Looking for something to do that will get you and the family outdoors and moving and make you feel happy and relaxed? Join me for a romp with some baby goats.
Narcan, a medication that can reverse a drug overdose, has become a familiar name in Maine. A bill making it available to everyone was recently vetoed by Governor Paul LePage, only to be overridden a few days later by state lawmakers. In this Catching Health podcast, addiction specialist Dr. Mark Publicker explains how Narcan works and when it can be used.
Just five months ago, Terri Anthoine lost both of her legs in an accident. It hasn’t stopped her from living life to the fullest. She and several other amputees recently attended an adaptive cycling clinic and took a few out for a spin. It was exhilarating.
A stroll through a beautiful old park in Florida, a little history, and a delicious picnic lunch prepared by my sister Mary. You’ve got to try her recipe for black bean salad — perfect for YOUR picnic.
While at its core, the practice of nursing continues to be caring for people, the profession has undergone many changes over time. We take a brief look at the history of nursing in Maine in the final segment of Nurses Needed, a Catching Health special report.
In celebration of National Nurses Week and of the dedication that most nurses show each and every day, we’re sharing some love. Read stories of nurses who made a difference in someone’s life – in part six of Nurses needed, a Catching Health special report. Has a nurse made a difference in YOUR life?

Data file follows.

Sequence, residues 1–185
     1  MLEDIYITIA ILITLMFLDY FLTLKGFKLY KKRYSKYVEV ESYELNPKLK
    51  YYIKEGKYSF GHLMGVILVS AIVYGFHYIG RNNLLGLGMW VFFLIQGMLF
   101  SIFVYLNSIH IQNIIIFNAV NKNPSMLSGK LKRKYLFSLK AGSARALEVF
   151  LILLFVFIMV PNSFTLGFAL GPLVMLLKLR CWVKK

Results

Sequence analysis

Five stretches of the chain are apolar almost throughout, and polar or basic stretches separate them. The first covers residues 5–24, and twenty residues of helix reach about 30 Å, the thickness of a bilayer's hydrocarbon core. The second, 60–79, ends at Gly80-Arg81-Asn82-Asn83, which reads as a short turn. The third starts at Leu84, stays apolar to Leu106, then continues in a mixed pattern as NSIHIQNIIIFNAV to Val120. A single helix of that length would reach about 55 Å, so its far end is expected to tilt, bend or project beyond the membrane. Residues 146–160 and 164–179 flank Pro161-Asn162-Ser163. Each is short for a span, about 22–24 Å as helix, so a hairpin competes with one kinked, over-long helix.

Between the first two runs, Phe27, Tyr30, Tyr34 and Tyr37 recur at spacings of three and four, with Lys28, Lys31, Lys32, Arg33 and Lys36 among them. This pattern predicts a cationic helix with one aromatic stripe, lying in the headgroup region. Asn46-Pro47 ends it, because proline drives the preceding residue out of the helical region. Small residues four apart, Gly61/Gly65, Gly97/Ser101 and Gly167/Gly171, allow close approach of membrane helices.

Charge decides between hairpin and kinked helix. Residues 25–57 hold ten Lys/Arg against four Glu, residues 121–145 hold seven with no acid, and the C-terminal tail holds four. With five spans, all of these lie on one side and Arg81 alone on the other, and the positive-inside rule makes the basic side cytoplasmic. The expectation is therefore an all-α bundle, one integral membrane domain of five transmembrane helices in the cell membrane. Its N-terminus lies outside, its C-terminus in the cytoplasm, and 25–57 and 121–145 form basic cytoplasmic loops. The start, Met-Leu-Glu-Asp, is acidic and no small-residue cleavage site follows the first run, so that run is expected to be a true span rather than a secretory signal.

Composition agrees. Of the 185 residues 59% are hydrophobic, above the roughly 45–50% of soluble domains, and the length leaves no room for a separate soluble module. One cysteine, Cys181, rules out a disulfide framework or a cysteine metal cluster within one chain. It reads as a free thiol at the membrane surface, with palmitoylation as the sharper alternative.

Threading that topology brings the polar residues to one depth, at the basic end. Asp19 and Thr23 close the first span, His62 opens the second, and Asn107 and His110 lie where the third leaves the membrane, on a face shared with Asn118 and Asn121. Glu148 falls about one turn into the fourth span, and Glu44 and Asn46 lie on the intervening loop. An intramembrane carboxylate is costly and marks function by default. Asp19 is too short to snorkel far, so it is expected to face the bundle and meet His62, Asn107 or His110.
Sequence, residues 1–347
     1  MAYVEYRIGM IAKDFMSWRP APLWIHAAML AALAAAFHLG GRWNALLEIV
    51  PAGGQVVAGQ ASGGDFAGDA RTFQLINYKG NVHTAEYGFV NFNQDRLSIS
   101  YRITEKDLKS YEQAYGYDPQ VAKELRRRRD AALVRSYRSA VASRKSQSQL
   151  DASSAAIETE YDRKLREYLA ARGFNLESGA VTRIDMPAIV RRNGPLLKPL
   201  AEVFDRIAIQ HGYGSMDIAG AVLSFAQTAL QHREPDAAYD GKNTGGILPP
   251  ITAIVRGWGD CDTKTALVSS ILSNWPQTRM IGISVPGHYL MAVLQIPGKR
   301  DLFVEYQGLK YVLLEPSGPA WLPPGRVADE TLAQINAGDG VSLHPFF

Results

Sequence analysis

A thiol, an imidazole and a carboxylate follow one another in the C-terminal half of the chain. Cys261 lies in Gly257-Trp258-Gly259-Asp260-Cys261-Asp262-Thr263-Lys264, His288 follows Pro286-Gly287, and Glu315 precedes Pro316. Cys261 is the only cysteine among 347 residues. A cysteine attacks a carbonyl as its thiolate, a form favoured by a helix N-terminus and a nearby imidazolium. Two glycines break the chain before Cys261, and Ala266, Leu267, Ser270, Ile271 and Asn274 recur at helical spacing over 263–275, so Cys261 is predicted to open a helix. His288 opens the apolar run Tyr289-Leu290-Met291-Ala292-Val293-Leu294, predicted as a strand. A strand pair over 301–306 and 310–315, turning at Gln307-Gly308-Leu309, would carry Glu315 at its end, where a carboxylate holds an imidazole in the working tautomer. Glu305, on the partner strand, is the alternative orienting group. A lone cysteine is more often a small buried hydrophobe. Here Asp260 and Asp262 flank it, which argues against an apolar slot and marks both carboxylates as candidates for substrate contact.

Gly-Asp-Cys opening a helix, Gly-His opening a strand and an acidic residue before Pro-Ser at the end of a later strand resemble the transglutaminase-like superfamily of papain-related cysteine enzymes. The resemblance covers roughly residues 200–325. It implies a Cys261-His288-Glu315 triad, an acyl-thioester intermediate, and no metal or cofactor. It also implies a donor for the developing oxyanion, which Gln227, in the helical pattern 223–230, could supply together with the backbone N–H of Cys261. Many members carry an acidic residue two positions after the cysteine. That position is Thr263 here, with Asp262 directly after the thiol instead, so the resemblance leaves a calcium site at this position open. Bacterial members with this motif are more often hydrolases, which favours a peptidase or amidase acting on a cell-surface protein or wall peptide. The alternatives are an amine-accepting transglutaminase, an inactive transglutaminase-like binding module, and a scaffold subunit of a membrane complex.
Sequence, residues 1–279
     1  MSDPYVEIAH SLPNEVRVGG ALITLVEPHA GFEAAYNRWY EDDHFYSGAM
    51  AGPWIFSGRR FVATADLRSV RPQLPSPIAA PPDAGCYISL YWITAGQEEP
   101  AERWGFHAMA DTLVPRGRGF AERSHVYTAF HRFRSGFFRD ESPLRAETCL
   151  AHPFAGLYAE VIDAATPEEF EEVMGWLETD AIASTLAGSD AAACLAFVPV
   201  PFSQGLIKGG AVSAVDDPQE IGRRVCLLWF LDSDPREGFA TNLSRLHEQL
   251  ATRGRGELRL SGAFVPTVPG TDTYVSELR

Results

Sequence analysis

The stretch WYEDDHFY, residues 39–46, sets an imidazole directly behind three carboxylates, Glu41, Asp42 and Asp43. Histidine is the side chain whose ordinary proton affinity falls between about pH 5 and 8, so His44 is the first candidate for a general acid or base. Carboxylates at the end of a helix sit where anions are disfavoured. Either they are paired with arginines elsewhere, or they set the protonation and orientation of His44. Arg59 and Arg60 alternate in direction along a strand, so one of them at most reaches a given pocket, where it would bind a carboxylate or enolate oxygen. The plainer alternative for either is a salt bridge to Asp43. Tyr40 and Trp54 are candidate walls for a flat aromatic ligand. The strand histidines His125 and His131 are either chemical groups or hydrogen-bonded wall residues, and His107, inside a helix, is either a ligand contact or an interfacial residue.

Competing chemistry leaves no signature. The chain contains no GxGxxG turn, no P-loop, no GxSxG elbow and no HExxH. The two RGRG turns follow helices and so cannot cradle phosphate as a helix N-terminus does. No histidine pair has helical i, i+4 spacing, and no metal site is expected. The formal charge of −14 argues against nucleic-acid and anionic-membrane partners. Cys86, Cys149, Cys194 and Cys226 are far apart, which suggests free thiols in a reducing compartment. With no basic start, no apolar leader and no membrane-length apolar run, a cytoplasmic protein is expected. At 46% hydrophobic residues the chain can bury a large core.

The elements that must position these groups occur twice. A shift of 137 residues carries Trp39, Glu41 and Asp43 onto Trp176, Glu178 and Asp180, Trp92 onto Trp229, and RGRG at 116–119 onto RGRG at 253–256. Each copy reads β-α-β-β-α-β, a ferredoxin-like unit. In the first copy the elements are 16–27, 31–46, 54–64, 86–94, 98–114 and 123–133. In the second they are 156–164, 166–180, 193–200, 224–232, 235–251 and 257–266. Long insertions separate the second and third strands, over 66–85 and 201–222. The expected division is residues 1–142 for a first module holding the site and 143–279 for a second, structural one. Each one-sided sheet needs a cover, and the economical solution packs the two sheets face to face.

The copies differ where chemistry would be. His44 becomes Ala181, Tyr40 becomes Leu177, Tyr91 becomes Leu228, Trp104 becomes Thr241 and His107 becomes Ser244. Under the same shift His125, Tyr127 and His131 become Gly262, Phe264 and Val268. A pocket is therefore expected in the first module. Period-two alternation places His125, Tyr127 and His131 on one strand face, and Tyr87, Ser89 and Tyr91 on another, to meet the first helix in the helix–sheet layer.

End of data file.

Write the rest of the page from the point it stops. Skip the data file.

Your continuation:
Public health nurses have been traveling the state of Maine since 1920, trying to keep people healthy and prevent diseases. They still do, but in far fewer numbers and under challenging circumstances. We look at the current state of Maine’s Public Health Nursing Program in part 6 of Nurses Needed, a Catching Health Special Report.
Nursing care is moving from inside the hospital to outside in the community. What kind of work are nurses doing if they’re not at the bedside? How are they being trained? You’ll find some answers in Nurses Needed: In the community, part 4 of a Catching Health special report on nursing in Maine.
Historically, men played a major role in caring for the sick. Their numbers dwindled in the late 19th century as people began to see nursing as “women’s work.” Today, we’re seeing a slow, but steady increase in the numbers of men who become nurses. We hear from several Maine nurses about their chosen profession. Nurses who happen to be men, in part 3 of Nurses Needed, a Catching Health special report.
As Maine faces a critical shortage of nurses, nursing schools and healthcare facilities are already coming up with possible solutions. We take a look at some of them in part two of Nurses Needed, a Catching Health special report.